(5 stars) “Strange Waters” by Samantha Mills
a short story published by Strange Horizons

I loved this time travel story. A fisherwoman gets lost in time and just wants to get home to her family. The backdrop is that she washes up in the same town, and that town keeps a record of history that all the time travelers have shared, so it knows its future as well as its past. I loved Mika’s determination. I teared up at the ending.

(5 stars) “The Things That We Will Never Say” by Vanessa Fogg 
a short story published by Daily Science Fiction

I liked this story because except for the seeing into the future bit, it could take place today, with mother and child living in different states instead of different planets. It made the awkwardness between the two feel real. Very poignant for such a small piece.

Tank!” by John Wiswell
a short story published by Diabolical Plots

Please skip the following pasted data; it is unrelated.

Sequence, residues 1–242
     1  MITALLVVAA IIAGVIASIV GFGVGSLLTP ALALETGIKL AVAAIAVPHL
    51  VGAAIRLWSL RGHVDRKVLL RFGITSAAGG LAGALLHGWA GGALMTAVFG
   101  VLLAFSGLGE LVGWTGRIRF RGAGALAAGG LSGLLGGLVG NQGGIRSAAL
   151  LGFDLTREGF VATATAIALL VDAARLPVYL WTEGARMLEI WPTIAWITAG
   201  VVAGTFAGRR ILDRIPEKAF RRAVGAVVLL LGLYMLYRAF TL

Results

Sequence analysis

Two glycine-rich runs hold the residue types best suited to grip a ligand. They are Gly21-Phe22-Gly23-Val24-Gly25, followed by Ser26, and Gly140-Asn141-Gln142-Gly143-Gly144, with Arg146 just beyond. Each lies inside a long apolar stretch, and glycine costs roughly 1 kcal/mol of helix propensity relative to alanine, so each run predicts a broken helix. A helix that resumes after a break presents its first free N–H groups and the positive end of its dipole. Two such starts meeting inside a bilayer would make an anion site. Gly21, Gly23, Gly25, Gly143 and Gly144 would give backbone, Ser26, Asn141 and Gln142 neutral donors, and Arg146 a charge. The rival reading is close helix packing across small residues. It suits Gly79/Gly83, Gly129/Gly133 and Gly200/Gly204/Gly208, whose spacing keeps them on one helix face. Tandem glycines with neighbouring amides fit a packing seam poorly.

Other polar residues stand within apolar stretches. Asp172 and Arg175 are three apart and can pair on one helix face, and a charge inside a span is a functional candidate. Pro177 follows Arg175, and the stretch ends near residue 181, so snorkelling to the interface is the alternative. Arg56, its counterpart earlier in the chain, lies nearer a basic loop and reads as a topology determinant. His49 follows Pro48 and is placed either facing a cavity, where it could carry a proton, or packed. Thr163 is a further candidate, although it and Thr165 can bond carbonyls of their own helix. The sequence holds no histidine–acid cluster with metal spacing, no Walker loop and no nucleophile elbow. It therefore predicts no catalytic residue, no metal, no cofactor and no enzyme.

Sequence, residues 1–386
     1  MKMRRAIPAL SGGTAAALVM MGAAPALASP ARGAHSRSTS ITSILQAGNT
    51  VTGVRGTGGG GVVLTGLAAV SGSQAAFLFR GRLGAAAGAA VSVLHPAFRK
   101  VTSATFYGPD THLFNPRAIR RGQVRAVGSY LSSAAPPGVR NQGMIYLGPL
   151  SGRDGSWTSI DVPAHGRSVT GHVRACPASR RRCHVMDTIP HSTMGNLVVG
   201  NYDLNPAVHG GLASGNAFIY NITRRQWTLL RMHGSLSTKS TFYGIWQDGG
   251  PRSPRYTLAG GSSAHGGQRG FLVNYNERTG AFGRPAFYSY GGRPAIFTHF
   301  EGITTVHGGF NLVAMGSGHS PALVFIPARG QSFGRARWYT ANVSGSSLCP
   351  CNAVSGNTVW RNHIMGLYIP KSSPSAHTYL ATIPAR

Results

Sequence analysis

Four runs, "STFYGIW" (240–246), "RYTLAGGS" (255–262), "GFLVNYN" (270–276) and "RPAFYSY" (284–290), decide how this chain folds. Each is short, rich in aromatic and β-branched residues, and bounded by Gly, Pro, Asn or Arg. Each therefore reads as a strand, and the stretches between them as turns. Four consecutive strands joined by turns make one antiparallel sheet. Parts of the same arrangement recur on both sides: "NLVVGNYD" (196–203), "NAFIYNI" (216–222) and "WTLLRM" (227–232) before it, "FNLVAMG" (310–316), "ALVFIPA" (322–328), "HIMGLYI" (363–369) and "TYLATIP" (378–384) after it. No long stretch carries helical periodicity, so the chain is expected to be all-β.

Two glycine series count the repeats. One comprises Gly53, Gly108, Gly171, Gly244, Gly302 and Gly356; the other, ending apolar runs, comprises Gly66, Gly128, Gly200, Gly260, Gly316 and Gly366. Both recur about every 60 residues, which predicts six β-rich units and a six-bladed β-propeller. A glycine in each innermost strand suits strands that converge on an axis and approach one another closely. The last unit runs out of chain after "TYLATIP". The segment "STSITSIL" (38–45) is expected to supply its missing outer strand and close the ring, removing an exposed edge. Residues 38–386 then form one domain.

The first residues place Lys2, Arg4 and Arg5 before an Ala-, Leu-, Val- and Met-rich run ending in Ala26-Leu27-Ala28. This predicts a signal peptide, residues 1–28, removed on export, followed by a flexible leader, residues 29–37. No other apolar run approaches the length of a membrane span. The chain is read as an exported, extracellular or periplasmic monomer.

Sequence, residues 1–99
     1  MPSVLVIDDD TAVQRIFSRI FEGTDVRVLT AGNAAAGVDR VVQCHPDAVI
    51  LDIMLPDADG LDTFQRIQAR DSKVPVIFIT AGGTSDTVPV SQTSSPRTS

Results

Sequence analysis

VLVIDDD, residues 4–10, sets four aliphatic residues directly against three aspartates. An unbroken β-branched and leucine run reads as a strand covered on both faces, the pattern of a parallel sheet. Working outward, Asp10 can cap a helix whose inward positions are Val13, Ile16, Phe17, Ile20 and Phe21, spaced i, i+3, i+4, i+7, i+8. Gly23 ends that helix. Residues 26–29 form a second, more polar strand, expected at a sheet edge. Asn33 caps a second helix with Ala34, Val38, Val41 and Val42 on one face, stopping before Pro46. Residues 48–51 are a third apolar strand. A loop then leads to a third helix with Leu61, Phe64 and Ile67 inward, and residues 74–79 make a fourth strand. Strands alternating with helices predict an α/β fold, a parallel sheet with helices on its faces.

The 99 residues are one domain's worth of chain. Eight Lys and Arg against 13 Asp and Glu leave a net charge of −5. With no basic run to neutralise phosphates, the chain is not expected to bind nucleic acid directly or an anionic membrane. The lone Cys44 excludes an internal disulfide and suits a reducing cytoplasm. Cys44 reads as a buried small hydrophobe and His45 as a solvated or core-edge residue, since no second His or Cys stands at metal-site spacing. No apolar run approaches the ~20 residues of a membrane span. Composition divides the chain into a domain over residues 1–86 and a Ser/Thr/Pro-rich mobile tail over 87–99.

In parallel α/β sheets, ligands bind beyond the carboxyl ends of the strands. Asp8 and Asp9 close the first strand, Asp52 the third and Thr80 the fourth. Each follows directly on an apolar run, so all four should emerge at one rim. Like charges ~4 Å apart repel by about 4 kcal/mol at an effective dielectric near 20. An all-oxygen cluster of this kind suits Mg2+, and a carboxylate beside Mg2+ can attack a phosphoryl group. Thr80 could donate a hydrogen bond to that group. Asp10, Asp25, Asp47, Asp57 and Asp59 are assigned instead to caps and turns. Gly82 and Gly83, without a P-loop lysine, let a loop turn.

I don’t go to many conventions, nor have I watched Cowboy Bebop or Adventure Time, so I didn’t have the connections to this piece that others had. I definitely related to the awkwardness though. Such a cute depiction.

The Testimony of Dragon’s Teeth” by Sarah Monette
a short story published by Uncanny

One interesting thing about reading short stories is stumbling in the middle of an established series of stories, hear people rave about them, and still feel like I haven’t missed anything because the story is self-contained. I’ve never read a Booth story before. I doubt I’d seek out more, as the somber, dark vibe isn’t to my taste. I did like the mix of the mundane archivist needing to sort out the mystery of who was doing witchcraft.